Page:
Replacing Vacuum Toilet System

Submitted: Saturday, Aug 08, 2020 at 08:15
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Our vacuum toilet is causing us a few issues lately (it is 12 yes old), so we are thinking of changing it to another system. We are tossing up between what we call a 'drop' toilet & and an incineration toilet. Has anyone changed their vacuum toilet? What to? Any feedback or comments would be appreciated.
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Reply By: Laarby - Saturday, Aug 08, 2020 at 09:38

Saturday, Aug 08, 2020 at 09:38
We have recently changed our ‘standard toilet’ to a composting toilet.
It’s very easy to maintain, the use of peat for the composting can cause at times a little ‘earthly’ smell when emptying the urine collector. No other smells are noticeably.
We had a existing SOG connected and the fan wired to the fridge circuit to maintain at all times power for the aeration.
There are 2 major American brands on the market here, very similar, it’s a matter of personal preference. NH has given us excellent service (no affiliation with the distributor)

AnswerID: 632868

Reply By: wylaway - Tuesday, Aug 18, 2020 at 17:35

Tuesday, Aug 18, 2020 at 17:35
Travelling Twosome
After a few years of frustration, I changed my Dometic system about 6 years ago. To minimise the changes to the van, I installed a marine vacuum flush system. This effectively did away with the Dometic vacuum system and replaced the vacuum part of the system with a Sealand J Series vacuum generator. This required the installation of the vacuum generator, modifying the Dometic docking station and re-running the toilet pipe work.

Our toilet is a combo shower/toilet were the toilet bowl outlet pipe goes through the shower wall into an under bench cupboard and the pipe work makes its way up to the docking station and waste tank. In the attached photos you will see the fixed pipe was replaced after the pipe went through the shower wall into the cupboard with a sanitation grade flexible pipe to the inlet side of the Sealand J Series vacuum generator. New fixed pipework was installed to take the waste to the holding tank in the docking station.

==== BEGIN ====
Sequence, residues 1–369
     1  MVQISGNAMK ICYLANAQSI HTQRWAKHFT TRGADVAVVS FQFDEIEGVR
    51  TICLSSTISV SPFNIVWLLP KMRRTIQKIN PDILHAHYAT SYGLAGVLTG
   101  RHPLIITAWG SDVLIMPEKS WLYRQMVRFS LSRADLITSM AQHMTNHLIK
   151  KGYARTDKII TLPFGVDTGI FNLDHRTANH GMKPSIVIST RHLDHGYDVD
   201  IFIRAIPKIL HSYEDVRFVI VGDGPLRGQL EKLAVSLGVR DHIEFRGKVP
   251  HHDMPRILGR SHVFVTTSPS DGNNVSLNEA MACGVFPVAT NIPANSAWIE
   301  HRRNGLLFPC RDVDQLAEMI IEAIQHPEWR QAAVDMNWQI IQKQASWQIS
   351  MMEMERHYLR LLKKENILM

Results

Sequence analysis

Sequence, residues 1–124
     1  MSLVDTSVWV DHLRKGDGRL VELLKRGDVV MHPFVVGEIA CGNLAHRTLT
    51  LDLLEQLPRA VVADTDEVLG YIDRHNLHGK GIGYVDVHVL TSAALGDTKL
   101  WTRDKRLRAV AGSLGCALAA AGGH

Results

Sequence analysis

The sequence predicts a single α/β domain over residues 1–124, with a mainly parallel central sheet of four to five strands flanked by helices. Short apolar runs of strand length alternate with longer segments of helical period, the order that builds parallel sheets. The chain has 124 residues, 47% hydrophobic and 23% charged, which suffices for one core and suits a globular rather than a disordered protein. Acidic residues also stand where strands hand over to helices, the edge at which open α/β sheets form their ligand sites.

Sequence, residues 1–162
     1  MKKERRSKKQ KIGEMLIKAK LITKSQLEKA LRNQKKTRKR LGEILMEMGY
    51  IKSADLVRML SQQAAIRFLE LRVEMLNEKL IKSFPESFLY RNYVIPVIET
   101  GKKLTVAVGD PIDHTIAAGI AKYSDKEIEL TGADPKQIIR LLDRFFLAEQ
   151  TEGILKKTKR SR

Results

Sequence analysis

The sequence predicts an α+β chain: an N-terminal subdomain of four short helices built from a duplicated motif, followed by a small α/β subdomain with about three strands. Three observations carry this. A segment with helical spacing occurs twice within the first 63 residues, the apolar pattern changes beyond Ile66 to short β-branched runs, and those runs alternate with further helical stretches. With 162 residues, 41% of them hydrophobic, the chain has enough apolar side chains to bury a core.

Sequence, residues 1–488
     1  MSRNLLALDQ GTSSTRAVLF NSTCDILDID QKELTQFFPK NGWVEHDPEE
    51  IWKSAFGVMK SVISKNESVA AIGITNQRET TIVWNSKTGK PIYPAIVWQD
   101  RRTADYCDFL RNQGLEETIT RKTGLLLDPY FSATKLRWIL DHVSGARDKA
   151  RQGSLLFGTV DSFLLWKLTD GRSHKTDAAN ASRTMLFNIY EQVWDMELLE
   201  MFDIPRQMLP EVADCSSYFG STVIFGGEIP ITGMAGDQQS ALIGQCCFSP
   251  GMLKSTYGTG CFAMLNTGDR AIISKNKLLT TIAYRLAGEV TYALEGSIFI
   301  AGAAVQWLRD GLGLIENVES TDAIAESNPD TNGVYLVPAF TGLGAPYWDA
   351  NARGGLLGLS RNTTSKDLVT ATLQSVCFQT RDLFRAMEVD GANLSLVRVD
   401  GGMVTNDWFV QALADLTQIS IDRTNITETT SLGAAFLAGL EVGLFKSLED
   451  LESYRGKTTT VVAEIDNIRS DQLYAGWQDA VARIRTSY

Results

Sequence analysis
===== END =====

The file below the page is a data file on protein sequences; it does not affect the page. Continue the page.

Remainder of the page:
The docking station had to be modified to no longer generate a vacuum and the existing circuit board had to be replaced to tell the docking station of the changes to the on-board sensors. The red, amber, green control still works as previously and the waste tank is unchanged in its operation. The only real change is the new vacuum generator and the disabling of the old vacuum generator.

The J Series has its own holding tank, so that while the waste is sucked into the J Series tank by the vacuum, it also pumps the waste to the Dometic waste tank in a single process.
I had this work done by Marine Sanitation in Hasting on Western Port Bay, Victoria. Geoff or Marcus could talk you through the options. One option was I could do the work myself and they would supply the parts and you send them the docking station for the modifications, or as I did, I had them do the whole job. I also had them service the toilet and increase the highest of the pedestal with an insert under the bowl.

Now none of this will be cheap as I see on the internet the unit is $2,150, plus piping, modification to docking and if you choose labour.

Incidentally, every 4.5 – 5 years you will need to replace the “duckbill valves” which stops the vacuum from leaking out. Took me about 2 hours and was a little messy, but straight forward.


AnswerID: 633025

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